After the Art Wars
For a brief and amusing interval in 2002 I was a candidate for the position of chairman of the National Endowment for the Arts (NEA). Amusing, for there was never the slightest chance of my being chosen. This was inadvertently made clear by the first question during my interview in the East Wing of the White House. After the preliminary niceties, I was asked to sketch my life and accomplishments. “Of course,” my interviewer prompted helpfully, “we all know about your music.”
Ah yes, my music. Either she was referring to a certain defunct college band, suggesting background checks of shocking omniscience, or more likely she had taken me for the distinguished Welsh composer of film music. At that instant I knew that we were only going through the motions, and that a presumptive nominee was already waiting in the wings. And so he was. That September, Dana Gioia, a translator and poet of considerable distinction, was appointed chairman of the NEA.
To some, the choice may have seemed surprising; poetry is hardly the main channel of contemporary art. Yet it was understandable politically. Literacy had been a favorite theme of the Bush administration, and something of a personal crusade for the First Lady. One could glimpse her hand in the choice of Gioia. But one could also glimpse something else: the lingering aftershocks of the case of the “NEA Four.”
These were the four performance artists whose grants had been withdrawn in 1990 on the grounds of obscenity—an incident that triggered a harsh and protracted cultural battle that nearly destroyed the agency. The battle had been politically bruising to the first President Bush, and the second wished no reprise of it. Steering well clear of the visual arts—the grounds on which the “art wars” of the 1970’s and 80’s had been fought—he chose as non-controversial a chairman as could be imagined. And indeed Gioia’s chairmanship has been notable for its calm, as well as for such undeniably praiseworthy achievements as bringing Shakespeare and jazz performances to high-school students.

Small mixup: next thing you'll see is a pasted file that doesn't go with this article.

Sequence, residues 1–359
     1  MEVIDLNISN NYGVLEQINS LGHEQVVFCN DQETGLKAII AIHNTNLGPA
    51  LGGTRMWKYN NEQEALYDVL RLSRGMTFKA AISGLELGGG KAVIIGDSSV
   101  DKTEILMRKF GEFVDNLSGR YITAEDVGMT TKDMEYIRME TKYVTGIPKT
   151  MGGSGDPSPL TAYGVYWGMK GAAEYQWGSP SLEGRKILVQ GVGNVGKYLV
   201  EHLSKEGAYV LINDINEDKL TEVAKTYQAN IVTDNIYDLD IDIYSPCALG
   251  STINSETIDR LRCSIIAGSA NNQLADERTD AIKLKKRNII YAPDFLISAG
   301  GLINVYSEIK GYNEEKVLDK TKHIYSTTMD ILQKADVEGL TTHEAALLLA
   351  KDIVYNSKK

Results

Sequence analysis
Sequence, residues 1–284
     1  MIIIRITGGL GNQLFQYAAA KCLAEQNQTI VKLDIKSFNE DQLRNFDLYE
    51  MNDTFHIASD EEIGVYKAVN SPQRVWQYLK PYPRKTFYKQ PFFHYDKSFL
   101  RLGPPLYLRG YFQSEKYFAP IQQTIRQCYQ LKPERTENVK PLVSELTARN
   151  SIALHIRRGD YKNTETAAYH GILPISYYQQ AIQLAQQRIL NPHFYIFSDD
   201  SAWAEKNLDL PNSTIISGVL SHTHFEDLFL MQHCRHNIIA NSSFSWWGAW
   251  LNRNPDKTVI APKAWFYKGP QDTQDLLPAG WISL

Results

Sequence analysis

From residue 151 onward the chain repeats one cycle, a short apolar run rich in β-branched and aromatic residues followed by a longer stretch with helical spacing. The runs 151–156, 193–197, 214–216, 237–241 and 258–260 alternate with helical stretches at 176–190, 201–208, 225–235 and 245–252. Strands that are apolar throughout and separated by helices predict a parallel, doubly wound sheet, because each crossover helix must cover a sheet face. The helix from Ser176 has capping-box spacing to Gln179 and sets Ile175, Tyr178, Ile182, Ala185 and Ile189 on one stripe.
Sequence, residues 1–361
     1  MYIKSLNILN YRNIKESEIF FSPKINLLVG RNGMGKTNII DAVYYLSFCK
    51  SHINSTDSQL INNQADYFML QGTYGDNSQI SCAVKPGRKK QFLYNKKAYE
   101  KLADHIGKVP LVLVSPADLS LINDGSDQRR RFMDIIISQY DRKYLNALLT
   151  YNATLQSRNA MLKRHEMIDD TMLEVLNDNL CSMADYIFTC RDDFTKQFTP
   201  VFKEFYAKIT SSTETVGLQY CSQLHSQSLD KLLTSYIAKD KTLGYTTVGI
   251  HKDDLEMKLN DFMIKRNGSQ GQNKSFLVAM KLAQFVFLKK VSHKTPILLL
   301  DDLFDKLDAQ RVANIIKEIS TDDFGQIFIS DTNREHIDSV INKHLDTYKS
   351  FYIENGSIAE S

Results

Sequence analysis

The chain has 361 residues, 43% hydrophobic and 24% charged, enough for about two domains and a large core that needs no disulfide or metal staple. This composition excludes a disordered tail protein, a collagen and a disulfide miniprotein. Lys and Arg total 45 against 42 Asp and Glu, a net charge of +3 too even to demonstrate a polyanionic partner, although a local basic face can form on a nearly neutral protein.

It is not only Republicans who have nervously shied away from the visual arts in recent decades. President Clinton, although elected with the rapturous and near unanimous support of the American art world, did much the same. His first NEA chairman was Jane Alexander, the well-known theater and television actress, and his second Bill Ivey, the head of the Country Music Association—each a safe populist choice.
It seems, then, that both Republicans and Democrats had learned the same lesson from the art wars: entanglement with the visual arts could do them no political good, and quite possibly much harm. Whichever party claims the presidency a year from now, this political calculus is unlikely to change. Can anyone believe that a President Hillary Clinton would be any more eager than a President Rudolph Giuliani to be linked publicly to a performance artist like Karen Finley, whose chocolate-dipped nudity made her the most memorable of the NEA Four?
What this means, however, is that the NEA has become a very different entity from what was once envisioned. At its founding in 1965, President Lyndon Johnson declared: “There is a quality in art which speaks across the gulf dividing man from man and nation from nation, and century from century. . . . The stakes may well be the survival of civilization.” Today the stakes are lower: last year, Gioia informed Congress that the NEA had “set itself the goal of delivering a direct grant to every congressional district in the United States.”
In brief, the NEA has withered in a matter of decades from a self-styled instrument of world peace to a cautious dispenser of largesse whose one inflexible principle is that no grant must ever redound to the administration’s embarrassment. Whether it can regain its early ambition—or whether it should try to—is an open question. But nobody contemplating a reform of this institution should begin without a clear and unsentimental understanding of America’s peculiarly fitful relationship to the arts, particularly the visual arts.